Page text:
nep-pke New Economics Papers
on Post Keynesian Economics
Issue of 2020‒01‒20
seven papers chosen by
Karl Petrick
Western New England University

  1. Effective Demand and Prices of Production: An Evolutionary Approach By Rotta, Tomas
  2. Michael Polanyi' Vision of Economics: Spanning Hayek and Keynes By Agnès Festré
  3. Using the Movie Joy to Teach Innovation and Entrepreneurship By Dalton, John; Logan, Andrew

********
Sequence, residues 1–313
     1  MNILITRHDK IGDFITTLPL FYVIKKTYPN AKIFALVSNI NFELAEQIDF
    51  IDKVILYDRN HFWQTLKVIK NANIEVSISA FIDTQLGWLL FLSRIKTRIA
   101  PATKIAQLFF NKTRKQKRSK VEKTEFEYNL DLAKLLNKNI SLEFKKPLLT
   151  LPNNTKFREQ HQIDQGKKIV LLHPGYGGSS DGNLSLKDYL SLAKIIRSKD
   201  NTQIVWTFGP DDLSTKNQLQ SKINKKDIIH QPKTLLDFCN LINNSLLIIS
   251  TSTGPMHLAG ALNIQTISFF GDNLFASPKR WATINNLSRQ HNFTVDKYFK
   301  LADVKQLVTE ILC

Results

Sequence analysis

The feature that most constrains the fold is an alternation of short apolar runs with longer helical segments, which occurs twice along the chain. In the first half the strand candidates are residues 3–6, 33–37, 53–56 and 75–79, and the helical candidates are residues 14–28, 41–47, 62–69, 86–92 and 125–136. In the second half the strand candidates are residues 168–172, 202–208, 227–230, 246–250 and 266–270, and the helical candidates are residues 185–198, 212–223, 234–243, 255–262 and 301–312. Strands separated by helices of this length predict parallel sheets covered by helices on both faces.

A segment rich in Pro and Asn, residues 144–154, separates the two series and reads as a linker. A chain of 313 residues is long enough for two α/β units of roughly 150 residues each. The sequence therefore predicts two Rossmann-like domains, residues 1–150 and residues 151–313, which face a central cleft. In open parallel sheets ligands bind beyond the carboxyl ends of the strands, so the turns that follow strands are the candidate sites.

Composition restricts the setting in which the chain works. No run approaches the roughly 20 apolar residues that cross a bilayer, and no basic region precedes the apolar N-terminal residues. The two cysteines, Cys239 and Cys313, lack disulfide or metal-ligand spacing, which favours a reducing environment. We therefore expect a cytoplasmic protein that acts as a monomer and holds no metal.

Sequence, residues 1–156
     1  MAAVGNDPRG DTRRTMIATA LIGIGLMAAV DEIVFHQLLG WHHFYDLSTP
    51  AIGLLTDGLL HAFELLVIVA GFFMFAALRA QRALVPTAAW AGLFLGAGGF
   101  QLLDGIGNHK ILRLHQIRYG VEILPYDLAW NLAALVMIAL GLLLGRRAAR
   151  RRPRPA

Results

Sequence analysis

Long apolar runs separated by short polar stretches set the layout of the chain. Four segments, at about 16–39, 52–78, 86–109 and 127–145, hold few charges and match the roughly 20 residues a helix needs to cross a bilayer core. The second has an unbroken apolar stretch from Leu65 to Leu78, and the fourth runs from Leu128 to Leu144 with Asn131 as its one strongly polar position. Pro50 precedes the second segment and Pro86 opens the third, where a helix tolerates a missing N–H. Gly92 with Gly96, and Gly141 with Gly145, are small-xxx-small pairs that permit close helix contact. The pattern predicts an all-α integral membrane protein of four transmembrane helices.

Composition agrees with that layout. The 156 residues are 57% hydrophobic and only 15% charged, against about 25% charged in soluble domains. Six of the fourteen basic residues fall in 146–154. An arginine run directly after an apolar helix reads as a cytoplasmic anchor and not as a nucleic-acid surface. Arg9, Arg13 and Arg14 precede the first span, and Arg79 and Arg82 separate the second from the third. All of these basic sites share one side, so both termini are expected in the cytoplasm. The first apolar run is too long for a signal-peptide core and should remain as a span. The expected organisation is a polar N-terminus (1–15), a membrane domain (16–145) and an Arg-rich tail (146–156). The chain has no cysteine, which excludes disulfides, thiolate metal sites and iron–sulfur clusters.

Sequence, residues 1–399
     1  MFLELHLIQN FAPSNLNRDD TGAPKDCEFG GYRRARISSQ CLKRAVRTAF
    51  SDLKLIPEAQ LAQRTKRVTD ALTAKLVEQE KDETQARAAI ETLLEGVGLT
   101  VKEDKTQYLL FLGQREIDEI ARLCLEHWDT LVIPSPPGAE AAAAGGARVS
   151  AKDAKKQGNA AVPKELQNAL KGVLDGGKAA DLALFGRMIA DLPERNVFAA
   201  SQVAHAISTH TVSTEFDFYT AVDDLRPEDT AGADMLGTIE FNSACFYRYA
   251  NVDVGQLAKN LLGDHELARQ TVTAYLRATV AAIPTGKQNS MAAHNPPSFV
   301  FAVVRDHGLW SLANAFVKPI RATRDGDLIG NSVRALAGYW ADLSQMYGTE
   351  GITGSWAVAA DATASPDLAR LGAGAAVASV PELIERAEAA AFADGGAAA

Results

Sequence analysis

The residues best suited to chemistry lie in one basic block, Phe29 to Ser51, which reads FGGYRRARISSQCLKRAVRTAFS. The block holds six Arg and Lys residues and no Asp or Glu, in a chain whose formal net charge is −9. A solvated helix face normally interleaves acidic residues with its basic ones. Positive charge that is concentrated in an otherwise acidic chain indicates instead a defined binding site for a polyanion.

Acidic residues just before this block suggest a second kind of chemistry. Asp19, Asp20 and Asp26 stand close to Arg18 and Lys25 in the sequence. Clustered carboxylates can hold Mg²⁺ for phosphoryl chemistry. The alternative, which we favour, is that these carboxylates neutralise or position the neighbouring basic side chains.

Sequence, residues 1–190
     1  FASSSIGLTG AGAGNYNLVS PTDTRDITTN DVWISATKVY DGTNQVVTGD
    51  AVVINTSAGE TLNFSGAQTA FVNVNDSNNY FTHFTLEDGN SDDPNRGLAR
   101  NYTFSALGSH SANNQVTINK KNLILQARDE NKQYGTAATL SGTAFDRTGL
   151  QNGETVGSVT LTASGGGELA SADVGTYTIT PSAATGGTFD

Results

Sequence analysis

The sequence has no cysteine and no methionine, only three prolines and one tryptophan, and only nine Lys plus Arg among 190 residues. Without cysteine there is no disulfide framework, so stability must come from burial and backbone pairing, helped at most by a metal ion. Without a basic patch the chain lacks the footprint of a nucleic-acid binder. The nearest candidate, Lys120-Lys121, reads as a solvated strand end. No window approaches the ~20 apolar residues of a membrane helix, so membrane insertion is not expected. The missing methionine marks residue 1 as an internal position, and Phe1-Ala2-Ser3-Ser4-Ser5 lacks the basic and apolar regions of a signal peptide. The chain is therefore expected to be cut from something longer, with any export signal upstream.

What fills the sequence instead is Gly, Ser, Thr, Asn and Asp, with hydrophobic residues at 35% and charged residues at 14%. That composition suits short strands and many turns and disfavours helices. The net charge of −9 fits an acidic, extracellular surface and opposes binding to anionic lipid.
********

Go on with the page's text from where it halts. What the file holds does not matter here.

4. Ten Years On: What Have We Learned? What Have We Done? What Must We Do? By Hockett, Robert C.; Library, Cornell
  5. Irrational Expectations By Stout, Lynn; Library, Cornell
  6. World Trade and Investment Law in a Time of Crisis: Distribution, Development and Social Protection By Library, Cornell; Trubek, David M.; Santos, Alvaro; Thomas, Chantal
  7. All Keynesian Now? Public Support for Countercyclical Government Borrowing By Barnes, Lucy; Hicks, Timothy

  1. By: Rotta, Tomas